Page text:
"Since Feb 15 1922, the Chicago North Shore & Milwaukee Railroad has been operating its Milwaukee limited trains through the loop to Sixty-third Street and Woodlawn Avenue on the south side providing an hourly service for south side business men and residents to and from Milwaukee and intervening cities. Similarly the merchandise dispatch service of the company was extended from the loop south and receiving stations located at Sixty-third Street and Calumet Avenue and Forty-first Street and Union Avenue at the Union Stockyards. This extension of the services of the company over the elevated structure to the south side of the city gives this section the same high grade service that is afforded to passengers boarding and leaving the trains in the loop or at north side stations." 2

Another ERJ article later in 1922 described the network of freight offices in more detail:

"Four receiving and delivering stations are provided in Chicago at convenient points. The principal station is at Franklin and Austin Streets near the Loop. On the south side is one on Sixty-third Street near Calumet and one at Forty-first and Union in the Stock Yards district The north side station is on Montrose Boulevard near Broadway. Cars are operated to the Montrose station and to the Sixty-third Street station Between Montrose and Franklin stations and between Sixty-third Street and Union Avenue station transfer is made by motor trucks. The North Shore Line owns and operates six 5 ton tractors and fifteen 10 ton trailers for use in making this transfer. Two stations are operated in Milwaukee the principal one which is 400 ft long with track capacity of ten cars is located on our main terminal property at Sixth and Clybourn Streets The other is at Harrison Street near the south city limits. Ample station facilities are also provided at Racine, Kenosha, Waukegan, North Chicago." 3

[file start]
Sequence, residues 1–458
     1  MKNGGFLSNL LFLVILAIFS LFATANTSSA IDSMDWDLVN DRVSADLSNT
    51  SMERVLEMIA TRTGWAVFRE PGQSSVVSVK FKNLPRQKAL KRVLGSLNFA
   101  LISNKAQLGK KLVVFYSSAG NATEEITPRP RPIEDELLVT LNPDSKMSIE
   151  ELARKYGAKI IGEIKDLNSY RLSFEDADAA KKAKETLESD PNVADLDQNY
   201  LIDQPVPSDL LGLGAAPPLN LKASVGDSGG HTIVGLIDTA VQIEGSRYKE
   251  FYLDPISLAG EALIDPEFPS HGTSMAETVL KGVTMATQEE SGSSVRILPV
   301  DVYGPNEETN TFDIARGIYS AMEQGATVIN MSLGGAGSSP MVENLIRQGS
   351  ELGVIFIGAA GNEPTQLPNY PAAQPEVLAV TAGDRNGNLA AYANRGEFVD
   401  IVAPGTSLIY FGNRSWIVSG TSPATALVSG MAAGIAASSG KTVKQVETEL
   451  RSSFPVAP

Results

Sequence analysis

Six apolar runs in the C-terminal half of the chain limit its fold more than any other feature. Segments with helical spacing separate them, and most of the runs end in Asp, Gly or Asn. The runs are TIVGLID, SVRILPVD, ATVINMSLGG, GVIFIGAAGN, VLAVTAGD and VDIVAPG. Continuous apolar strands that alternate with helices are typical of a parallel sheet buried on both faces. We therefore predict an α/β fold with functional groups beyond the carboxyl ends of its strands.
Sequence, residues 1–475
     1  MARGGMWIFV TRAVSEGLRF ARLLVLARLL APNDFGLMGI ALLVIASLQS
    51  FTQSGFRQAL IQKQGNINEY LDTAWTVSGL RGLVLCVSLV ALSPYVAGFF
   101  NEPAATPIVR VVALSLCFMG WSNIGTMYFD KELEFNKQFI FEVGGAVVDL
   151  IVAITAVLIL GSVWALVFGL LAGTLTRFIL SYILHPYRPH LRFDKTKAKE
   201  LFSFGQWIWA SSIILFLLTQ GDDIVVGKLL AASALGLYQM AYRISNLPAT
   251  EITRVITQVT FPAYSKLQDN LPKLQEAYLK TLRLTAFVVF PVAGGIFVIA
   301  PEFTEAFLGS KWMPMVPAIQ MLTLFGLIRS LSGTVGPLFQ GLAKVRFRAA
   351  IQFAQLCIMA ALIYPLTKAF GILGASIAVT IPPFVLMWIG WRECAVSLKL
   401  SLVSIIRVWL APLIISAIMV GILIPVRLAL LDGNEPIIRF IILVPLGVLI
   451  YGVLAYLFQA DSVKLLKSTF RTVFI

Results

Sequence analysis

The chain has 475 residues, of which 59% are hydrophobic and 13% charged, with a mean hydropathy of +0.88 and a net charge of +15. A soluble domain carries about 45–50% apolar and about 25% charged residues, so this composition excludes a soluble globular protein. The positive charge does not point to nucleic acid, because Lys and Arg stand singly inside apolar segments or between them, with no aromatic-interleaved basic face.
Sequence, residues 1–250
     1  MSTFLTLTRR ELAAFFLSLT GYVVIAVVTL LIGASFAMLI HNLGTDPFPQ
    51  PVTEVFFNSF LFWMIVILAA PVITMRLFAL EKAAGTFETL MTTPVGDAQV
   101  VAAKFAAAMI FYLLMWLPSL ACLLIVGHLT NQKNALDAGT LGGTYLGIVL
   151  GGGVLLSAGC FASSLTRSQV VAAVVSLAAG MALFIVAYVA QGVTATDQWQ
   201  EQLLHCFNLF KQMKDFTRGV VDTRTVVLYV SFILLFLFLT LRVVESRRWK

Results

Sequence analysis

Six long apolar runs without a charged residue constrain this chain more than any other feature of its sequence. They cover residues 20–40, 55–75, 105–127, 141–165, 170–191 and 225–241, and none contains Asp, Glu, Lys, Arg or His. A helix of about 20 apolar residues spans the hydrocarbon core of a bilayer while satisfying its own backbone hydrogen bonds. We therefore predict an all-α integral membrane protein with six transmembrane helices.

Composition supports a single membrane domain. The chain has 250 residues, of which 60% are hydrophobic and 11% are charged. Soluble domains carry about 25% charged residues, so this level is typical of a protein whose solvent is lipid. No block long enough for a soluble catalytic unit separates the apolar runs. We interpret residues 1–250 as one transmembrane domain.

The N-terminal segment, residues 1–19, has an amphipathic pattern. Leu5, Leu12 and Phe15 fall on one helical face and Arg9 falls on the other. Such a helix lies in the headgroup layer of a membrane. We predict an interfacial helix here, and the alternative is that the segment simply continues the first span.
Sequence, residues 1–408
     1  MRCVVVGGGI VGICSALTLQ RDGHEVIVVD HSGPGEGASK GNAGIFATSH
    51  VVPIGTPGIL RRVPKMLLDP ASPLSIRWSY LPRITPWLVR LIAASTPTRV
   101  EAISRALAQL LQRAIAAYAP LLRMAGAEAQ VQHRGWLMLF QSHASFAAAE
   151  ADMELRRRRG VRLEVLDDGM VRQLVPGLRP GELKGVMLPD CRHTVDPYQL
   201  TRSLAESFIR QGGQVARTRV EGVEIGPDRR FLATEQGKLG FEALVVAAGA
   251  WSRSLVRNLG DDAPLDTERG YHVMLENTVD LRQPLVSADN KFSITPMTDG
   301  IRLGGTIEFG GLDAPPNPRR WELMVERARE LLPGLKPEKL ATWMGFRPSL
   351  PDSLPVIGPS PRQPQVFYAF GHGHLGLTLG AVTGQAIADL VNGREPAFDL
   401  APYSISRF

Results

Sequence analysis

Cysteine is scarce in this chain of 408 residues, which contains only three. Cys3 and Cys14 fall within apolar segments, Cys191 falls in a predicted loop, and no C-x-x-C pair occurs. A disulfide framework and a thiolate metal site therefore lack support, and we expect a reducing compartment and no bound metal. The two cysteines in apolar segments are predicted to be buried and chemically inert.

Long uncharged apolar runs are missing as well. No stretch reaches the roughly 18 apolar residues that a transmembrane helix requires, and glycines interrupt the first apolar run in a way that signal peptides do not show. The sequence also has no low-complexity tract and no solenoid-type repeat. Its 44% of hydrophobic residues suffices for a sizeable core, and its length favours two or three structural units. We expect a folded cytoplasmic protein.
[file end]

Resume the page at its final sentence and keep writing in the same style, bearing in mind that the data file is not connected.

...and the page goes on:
The North Shore Line abandoned LCL merchandise dispatch service in 1947, although the 41st and Union facility may have actually been closed before that time as North Shore Line company documents discussing abandonment of the service in 1938 did not list 41st & Union as an LCL facility.

Some or all of the steel elevated structure was dismantled and salvaged for a scrap drive for metal during World War II. Any remaining elevated structure was subsequently demolished, although some column footings and bases survived into the 1990s. The small brick building that housed the merchandise dispatch and freight office was left, however, and was still standing as of 2014, housing an electrical supply company.



1. Street Railway Journal, Vol. XXXI No. 10, March 7, 1908
2. "Interurban Service Extended Through Chicago", Electric Railway Journal, Vol. 59 No. 21, May 27, 1922, p. 886
3. "Facilities Provided for Merchandise Dispatch Service", Electric Railway Journal, Vol. 60 No. 13, September 23, 1922, p. 466-67